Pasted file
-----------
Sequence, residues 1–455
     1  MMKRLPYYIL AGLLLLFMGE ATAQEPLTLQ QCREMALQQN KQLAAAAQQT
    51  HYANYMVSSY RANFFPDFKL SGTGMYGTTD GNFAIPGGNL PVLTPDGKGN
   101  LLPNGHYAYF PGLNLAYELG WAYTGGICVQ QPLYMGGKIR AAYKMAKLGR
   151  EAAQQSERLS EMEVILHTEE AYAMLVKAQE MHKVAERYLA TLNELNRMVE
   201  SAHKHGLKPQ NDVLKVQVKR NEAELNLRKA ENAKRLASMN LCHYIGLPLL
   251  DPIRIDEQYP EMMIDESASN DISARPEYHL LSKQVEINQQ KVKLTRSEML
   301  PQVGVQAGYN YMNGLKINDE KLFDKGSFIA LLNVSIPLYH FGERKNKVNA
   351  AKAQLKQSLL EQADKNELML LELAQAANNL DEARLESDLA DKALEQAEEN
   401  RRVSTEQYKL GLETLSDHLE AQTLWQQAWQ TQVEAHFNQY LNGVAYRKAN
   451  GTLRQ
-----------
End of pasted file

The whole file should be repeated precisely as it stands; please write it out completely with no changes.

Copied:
Sequence, residues 1–455
     1  MMKRLPYYIL AGLLLLFMGE ATAQEPLTLQ QCREMALQQN KQLAAAAQQT
    51  HYANYMVSSY RANFFPDFKL SGTGMYGTTD GNFAIPGGNL PVLTPDGKGN
   101  LLPNGHYAYF PGLNLAYELG WAYTGGICVQ QPLYMGGKIR AAYKMAKLGR
   151  EAAQQSERLS EMEVILHTEE AYAMLVKAQE MHKVAERYLA TLNELNRMVE
   201  SAHKHGLKPQ NDVLKVQVKR NEAELNLRKA ENAKRLASMN LCHYIGLPLL
   251  DPIRIDEQYP EMMIDESASN DISARPEYHL LSKQVEINQQ KVKLTRSEML
   301  PQVGVQAGYN YMNGLKINDE KLFDKGSFIA LLNVSIPLYH FGERKNKVNA
   351  AKAQLKQSLL EQADKNELML LELAQAANNL DEARLESDLA DKALEQAEEN
   401  RRVSTEQYKL GLETLSDHLE AQTLWQQAWQ TQVEAHFNQY LNGVAYRKAN
   451  GTLRQ